Lehmann Maupin presents a solo exhibition of new work by David Salle; the American artist who has long been regarded as a leader in the return to figurative painting in the 1980s. During that period, Salle helped define and develop the postmodern sensibility that sought to deconstruct any hierarchy between image and meaning, and allowed for a fluid dialogue between all of the arts—performance, literature, music, visual art, and media. By combining figuration with a varied pictorial language, Salle creates complex visual narratives that draw inspiration from art history, advertising, design, and American culture. Salle’s most recent body of work exemplifies his continued commitment to exploring the thematic and formal possibilities of painting, and the development of his rich visual language.
In 1993, Salle created his Early Product Paintings, a series in which flatly painted backgrounds of collaged advertisements served as backdrops for the artist’s performative and improvised interventions. His most recent work revisits the 1993 series and further highlights, even more intensely, Salle’s ability to create complex images composed of varied gestures, colors, and forms that offer multiple readings. By layering silkscreened or transfer-print photographs of a hooded figure, images of 1950s and 60s Americana, free-hand charcoal drawing, as well as abstract marks, the artist builds compositions that challenge our assumptions of how to experience and understand a painting. Though he incorporates recognizable images—a snowman, a waffle, a camera lens, a car—these references are not intended as a specific commentary on a time period or object. Rather, each work is an investigation of the myriad possibilities of painting itself, and how the images and marks join together to create a poetic field that explores the “what and how” of a composition. Each image, as well as each mark, adds a certain flavor, scent, or tone that contributes to the overall harmony of the work. The paintings offer, first and foremost, a rich visual experience—they are not intended to be simply “understood” in a literal manner. For Salle, a painting is never one thing, but the sum of the elements and styles he forcibly brings together to create an image .
Salle’s oeuvre grows out of a long-standing involvement with performance and film. He often references cinematic devices—close-ups, zooms, montage, splicing—that ultimately become a visible part of his each painting’s narrative. In two of the pieces included in this exhibition, Buick-Town and Smoke Kools, Salle incorporates a photo-transfer print of a hooded figure. That figure is Massimo Audiello (currently a gallerist in Mexico City), who came to New York from Italy in the 1980s to be an actor/performer. Salle took the photos during a series of spontaneous performances that Audiello staged in his studio in the early 1990s, using paintings-in-progress as his backdrops. The repeated inclusion of this image 25 years after it’s original creation, reiterates the importance of cinema and photography, and more significantly, highlights the central role performance—improvisation, character, play, and absurdity—has played in the development of Salle’s art. The artist considers the act of painting itself as inherently performative; it is something someone does, physically, in a specific moment in time and as such is both un-predictable and un-repeatable.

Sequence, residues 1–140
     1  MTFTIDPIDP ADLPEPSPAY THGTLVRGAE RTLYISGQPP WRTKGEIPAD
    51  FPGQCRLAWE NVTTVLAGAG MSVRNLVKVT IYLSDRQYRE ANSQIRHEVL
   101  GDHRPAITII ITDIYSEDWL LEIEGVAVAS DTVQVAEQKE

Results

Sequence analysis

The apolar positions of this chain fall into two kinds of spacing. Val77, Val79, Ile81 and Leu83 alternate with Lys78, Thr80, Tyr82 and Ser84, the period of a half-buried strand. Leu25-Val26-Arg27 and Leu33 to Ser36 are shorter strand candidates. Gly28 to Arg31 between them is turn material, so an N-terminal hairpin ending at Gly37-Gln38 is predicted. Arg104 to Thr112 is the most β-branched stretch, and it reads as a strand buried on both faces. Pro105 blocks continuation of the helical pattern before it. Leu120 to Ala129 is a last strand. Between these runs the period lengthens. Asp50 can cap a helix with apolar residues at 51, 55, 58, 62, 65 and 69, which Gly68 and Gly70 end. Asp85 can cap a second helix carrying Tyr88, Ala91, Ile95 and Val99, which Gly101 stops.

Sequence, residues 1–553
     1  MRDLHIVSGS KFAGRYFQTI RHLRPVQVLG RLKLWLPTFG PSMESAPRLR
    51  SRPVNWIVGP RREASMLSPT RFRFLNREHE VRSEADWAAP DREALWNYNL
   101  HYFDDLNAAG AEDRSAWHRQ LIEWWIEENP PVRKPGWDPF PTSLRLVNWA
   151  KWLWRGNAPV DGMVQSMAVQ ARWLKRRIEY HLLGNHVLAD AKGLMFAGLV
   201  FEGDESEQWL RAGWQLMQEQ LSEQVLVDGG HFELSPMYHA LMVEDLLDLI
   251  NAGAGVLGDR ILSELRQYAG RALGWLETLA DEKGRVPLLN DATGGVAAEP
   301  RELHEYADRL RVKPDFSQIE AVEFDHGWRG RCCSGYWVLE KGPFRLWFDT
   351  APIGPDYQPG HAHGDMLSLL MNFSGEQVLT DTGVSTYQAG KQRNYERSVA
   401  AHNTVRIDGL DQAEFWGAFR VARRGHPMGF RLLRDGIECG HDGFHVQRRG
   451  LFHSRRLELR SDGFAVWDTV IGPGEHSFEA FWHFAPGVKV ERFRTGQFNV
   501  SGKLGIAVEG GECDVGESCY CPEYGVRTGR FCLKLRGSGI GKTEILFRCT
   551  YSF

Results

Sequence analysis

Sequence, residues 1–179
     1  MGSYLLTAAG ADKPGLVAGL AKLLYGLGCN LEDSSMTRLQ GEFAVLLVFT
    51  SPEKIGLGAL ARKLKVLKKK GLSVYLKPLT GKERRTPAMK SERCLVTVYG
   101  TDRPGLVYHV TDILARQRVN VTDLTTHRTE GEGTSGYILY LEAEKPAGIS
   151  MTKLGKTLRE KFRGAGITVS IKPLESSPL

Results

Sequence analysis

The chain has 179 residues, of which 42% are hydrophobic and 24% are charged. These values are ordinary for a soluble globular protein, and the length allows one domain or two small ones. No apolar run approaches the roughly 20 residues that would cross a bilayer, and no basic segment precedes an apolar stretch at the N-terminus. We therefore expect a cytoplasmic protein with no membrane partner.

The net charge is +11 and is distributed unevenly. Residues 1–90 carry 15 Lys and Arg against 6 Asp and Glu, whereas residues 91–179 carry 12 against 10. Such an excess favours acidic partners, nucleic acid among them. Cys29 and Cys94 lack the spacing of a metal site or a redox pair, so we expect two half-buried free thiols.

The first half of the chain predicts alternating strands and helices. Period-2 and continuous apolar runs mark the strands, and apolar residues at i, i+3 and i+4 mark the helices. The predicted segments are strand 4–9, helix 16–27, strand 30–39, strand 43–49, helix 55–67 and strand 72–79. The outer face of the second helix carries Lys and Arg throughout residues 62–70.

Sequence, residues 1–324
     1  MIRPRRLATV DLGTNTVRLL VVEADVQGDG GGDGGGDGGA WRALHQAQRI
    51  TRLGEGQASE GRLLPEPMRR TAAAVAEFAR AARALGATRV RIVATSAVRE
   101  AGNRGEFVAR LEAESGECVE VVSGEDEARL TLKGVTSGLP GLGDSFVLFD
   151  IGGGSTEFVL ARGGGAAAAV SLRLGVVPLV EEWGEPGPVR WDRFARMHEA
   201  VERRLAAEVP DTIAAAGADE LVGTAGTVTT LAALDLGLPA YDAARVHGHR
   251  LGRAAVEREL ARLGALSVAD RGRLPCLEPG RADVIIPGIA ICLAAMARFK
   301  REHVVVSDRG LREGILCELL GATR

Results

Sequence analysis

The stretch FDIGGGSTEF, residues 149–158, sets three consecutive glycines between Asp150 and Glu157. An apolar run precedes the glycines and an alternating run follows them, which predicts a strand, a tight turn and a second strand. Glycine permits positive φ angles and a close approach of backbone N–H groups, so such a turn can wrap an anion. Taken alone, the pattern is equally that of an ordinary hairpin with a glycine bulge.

David Salle (b. 1952, Norman, Oklahoma; lives and works in New York) received both a B.F.A. and an M.F.A. from the California Institute of Arts, Los Angeles (1973 and 1975). Solo exhibitions of his work have been organized at Dallas Contemporary, Dallas (2015); The Arts Club of Chicago, Chicago (2014); Metropolitan Opera House, New York (2012); Museo de Arte Contemporáneo de Monterrey, Mexico (2000); Stedelijk Museum, Amsterdam (1999); Museum Moderner Kunst Stiftung, Ludwig, Vienna (2000); Museo d’Arte Contemporanea Castello di Rivoli, Turin, Italy (2000); Guggenheim Museum Bilbao, Spain (1999). In 1987, at age 34, Salle was the youngest artist ever to be honored with a mid-career survey exhibition at the Whitney Museum of American Art.